browse words by letter
a b c d e f g h i j k l m n o p q r s t u v w x y z

stressmore about stress


  6  definitions  found 
  From  Webster's  Revised  Unabridged  Dictionary  (1913)  [web1913]: 
  Lateral  \Lat"er*al\,  a.  [L.  lateralis,  fr  latus,  lateris,  side: 
  cf  F.  lat['e]ral.] 
  1.  Of  or  pertaining  to  the  sides;  as  the  lateral  walls  of  a 
  house;  the  lateral  branches  of  a  tree. 
  2.  (Anat.)  Lying  at  or  extending  toward,  the  side  away  from 
  the  mesial  plane;  external;  --  opposed  to  {mesial}. 
  3.  Directed  to  the  side  as  a  lateral  view  of  a  thing 
  {Lateral  cleavage}  (Crystallog.),  cleavage  parallel  to  the 
  lateral  planes. 
  {Lateral  equation}  (Math.),  an  equation  of  the  first  degree. 
  {Lateral  line}  (Anat.),  in  fishes,  a  line  of  sensory  organs 
  along  either  side  of  the  body,  often  marked  by  a  distinct 
  line  of  color. 
  {Lateral  pressure}  or  {stress}  (Mech.),  a  pressure  or  stress 
  at  right  angles  to  the  length,  as  of  a  beam  or  bridge;  -- 
  distinguished  from  longitudinal  pressure  or  stress. 
  {Lateral  strength}  (Mech.),  strength  which  resists  a  tendency 
  to  fracture  arising  from  lateral  pressure. 
  {Lateral  system}  (Bridge  Building),  the  system  of  horizontal 
  braces  (as  between  two  vertical  trusses)  by  which  lateral 
  stiffness  is  secured. 
  From  Webster's  Revised  Unabridged  Dictionary  (1913)  [web1913]: 
  Stress  \Stress\,  v.  t. 
  1.  To  subject  to  phonetic  stress;  to  accent. 
  2.  To  place  emphasis  on  to  make  emphatic;  emphasize. 
  From  Webster's  Revised  Unabridged  Dictionary  (1913)  [web1913]: 
  Stress  \Stress\,  n.  [Abbrev.  fr  distress;  or  cf  OF  estrecier 
  to  press,  pinch,  (assumed)  LL  strictiare  fr  L.  strictus 
  See  {Distress}.] 
  1.  Distress.  [Obs.] 
  Sad  hersal  of  his  heavy  stress.  --Spenser. 
  2.  Pressure,  strain;  --  used  chiefly  of  immaterial  things 
  except  in  mechanics;  hence  urgency;  importance;  weight; 
  The  faculties  of  the  mind  are  improved  by  exercise, 
  yet  they  must  not  be  put  to  a  stress  beyond  their 
  strength.  --Locke. 
  A  body  may  as  well  lay  too  little  as  too  much  stress 
  upon  a  dream.  --L'Estrange. 
  3.  (Mech.  &  Physics)  The  force,  or  combination  of  forces, 
  which  produces  a  strain;  force  exerted  in  any  direction  or 
  manner  between  contiguous  bodies,  or  parts  of  bodies,  and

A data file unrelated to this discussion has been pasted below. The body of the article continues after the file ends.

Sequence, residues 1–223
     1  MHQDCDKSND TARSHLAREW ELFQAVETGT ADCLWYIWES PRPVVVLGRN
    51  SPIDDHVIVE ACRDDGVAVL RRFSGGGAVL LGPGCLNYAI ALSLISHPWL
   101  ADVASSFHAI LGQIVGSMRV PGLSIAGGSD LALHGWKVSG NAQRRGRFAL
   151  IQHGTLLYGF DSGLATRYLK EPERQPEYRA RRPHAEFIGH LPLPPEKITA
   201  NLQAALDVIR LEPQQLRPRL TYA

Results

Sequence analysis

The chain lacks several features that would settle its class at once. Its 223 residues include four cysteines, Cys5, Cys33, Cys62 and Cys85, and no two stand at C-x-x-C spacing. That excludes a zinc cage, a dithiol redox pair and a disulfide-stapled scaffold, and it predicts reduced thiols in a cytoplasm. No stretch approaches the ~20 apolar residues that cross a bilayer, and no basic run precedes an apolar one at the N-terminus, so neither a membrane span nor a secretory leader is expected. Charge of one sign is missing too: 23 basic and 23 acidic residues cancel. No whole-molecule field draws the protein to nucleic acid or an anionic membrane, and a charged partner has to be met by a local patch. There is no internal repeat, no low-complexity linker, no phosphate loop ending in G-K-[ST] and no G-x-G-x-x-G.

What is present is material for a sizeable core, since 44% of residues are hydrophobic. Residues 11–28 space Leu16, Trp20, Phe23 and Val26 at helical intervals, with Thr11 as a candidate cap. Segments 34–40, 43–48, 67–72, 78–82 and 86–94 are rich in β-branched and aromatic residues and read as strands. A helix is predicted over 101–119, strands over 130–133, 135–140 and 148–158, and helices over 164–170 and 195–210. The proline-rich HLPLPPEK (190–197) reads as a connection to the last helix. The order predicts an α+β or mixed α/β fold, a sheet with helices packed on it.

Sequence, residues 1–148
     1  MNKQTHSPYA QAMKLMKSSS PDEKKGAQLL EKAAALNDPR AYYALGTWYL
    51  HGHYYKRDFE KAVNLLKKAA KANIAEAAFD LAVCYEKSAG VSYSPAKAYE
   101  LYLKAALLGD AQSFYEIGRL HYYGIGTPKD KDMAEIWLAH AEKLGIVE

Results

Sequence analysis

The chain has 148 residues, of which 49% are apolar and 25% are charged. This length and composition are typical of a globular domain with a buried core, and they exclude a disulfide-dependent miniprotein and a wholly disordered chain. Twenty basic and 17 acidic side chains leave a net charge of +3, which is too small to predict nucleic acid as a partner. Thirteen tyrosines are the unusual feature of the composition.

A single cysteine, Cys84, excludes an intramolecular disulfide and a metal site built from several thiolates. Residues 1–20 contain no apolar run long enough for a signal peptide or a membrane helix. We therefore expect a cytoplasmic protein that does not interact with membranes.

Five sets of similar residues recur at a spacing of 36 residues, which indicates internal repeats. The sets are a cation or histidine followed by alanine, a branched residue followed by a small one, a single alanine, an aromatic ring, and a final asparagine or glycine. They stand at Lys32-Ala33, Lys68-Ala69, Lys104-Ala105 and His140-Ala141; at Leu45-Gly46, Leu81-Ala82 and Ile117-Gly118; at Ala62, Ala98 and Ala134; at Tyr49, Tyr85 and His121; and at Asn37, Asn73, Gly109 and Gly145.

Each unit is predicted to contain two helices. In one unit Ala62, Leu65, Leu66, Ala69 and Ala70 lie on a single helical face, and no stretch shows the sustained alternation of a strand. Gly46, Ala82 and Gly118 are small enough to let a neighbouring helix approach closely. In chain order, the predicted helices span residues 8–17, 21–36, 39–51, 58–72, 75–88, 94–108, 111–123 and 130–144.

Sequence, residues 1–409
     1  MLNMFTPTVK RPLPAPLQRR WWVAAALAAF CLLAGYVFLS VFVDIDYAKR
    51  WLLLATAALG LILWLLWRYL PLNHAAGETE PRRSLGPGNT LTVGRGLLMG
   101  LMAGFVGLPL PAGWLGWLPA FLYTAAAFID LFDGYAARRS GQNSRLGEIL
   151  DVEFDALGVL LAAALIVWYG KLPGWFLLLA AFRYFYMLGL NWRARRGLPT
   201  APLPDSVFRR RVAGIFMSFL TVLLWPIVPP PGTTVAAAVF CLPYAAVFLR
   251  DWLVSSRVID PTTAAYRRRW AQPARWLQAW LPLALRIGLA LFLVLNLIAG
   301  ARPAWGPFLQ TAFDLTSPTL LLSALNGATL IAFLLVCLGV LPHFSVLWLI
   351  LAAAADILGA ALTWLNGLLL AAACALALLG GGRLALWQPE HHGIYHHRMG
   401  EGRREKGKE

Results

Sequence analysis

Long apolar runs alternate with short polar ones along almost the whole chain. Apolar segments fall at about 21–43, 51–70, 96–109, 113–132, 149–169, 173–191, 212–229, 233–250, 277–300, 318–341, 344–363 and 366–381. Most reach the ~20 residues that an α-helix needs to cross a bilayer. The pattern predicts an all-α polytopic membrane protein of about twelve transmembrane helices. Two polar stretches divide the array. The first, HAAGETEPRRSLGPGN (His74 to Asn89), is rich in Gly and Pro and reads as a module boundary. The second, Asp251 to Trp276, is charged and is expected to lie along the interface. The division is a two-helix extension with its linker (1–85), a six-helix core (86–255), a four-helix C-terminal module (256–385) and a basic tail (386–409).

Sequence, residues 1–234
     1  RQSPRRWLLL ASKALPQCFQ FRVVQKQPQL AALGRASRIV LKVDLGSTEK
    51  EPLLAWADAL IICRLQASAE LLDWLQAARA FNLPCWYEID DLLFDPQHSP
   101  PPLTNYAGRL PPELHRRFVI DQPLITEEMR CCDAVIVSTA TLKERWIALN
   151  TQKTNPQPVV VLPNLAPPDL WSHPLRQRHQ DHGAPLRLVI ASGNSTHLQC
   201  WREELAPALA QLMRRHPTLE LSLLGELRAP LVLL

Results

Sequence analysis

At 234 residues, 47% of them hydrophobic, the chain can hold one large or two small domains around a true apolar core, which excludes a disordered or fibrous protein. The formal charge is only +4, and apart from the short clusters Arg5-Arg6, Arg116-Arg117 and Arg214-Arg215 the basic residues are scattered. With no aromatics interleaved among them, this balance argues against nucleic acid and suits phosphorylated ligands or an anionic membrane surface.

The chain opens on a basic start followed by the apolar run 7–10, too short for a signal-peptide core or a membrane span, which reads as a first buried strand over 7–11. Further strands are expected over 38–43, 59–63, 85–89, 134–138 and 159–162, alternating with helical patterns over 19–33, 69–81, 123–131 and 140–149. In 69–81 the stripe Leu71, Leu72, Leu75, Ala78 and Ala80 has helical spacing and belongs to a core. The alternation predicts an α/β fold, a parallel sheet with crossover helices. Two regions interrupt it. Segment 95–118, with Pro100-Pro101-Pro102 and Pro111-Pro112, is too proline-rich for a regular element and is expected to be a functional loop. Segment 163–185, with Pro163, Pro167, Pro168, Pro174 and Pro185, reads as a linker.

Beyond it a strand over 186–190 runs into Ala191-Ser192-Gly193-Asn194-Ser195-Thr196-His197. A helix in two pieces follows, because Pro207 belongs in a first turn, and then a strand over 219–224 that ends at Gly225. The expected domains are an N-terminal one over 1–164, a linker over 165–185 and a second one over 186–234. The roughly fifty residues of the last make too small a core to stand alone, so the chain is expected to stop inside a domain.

taking  specific  names  according  to  its  direction,  or  mode 
  of  action  as  thrust  or  pressure,  pull  or  tension,  shear 
  or  tangential  stress.  --Rankine. 
  Stress  is  the  mutual  action  between  portions  of 
  matter.  --Clerk 
  4.  (Pron.)  Force  of  utterance  expended  upon  words  or 
  syllables.  Stress  is  in  English  the  chief  element  in 
  accent  and  is  one  of  the  most  important  in  emphasis.  See 
  {Guide  to  pronunciation},  [sect][sect]  31-35. 
  5.  (Scots  Law)  Distress;  the  act  of  distraining;  also  the 
  thing  distrained. 
  {Stress  of  voice},  unusual  exertion  of  the  voice. 
  {Stress  of  weather},  constraint  imposed  by  continued  bad 
  weather;  as  to  be  driven  back  to  port  by  stress  of 
  {To  lay  stress  upon},  to  attach  great  importance  to  to 
  emphasize.  ``Consider  how  great  a  stress  is  laid  upon  this 
  duty.''  --Atterbury. 
  {To  put  stress  upon},  or  {To  put  to  a  stress},  to  strain. 
  From  Webster's  Revised  Unabridged  Dictionary  (1913)  [web1913]: 
  Stress  \Stress\,  v.  t. 
  1.  To  press;  to  urge;  to  distress;  to  put  to  difficulties. 
  [R.]  --Spenser. 
  2.  To  subject  to  stress,  pressure,  or  strain. 
  From  WordNet  r  1.6  [wn]: 
  n  1:  the  relative  prominence  of  a  syllable  (especially  with 
  regard  to  stress  or  pitch);  "he  put  the  stress  on  the 
  wrong  syllable"  [syn:  {emphasis},  {accent},  {accentuation}] 
  2:  a  state  mental  or  emotional  strain  or  suspense;  "he  suffered 
  from  fatigue  and  emotional  tension"  [syn:  {tension},  {tenseness}] 
  3:  special  emphasis  attached  to  something  "the  stress  was  more 
  on  accuracy  than  on  speed"  [syn:  {focus}] 
  4:  a  state  of  extreme  difficulty:  "he  presided  over  the  economy 
  during  the  period  of  the  greatest  stress  and  danger"- 
  R.J.Samuelson  [syn:  {strain}] 
  5:  (physics)  force  that  produces  strain  on  a  physical  body 
  6:  an  intense  or  violent  exertion  [syn:  {strain},  {straining}] 
  7:  a  physical  force  producing  deformation  or  strain 
  v  1:  to  stress,  single  out  as  important:  "Dr.  Jones  emphasizes 
  exercise  in  addition  to  a  change  in  diet."  [syn:  {emphasize}, 
  {punctuate},  {accent},  {accentuate}] 
  2:  put  stress  on  utter  with  an  accent  [syn:  {accent}] 
  3:  direct  attention  to  as  if  by  means  of  contrast;  "This  dress 
  accentuates  your  nice  figure!"  "I  set  off  these  words  by 
  brackets"  [syn:  {emphasize},  {bring  out},  {accentuate},  {set 
  off},  {accent}]  [ant:  {deemphasize}] 
  4:  test  the  limits  of  "You  are  trying  my  patience!"  [syn:  {try}, 
  From  The  Free  On-line  Dictionary  of  Computing  (13  Mar  01)  [foldoc]: 
  STRuctual  Engineering  Systems  Solver. 
  A  system  for  structural  analysis  problems  in  Civil 
  Engineering.  STRESS  was  superceded  by  {STRUDL}. 
  ["STRESS:  A  User's  Manual",  S.J.  Fenves  et  al  MIT  Press 
  [Sammet  1969,  p.  612]. 

more about stress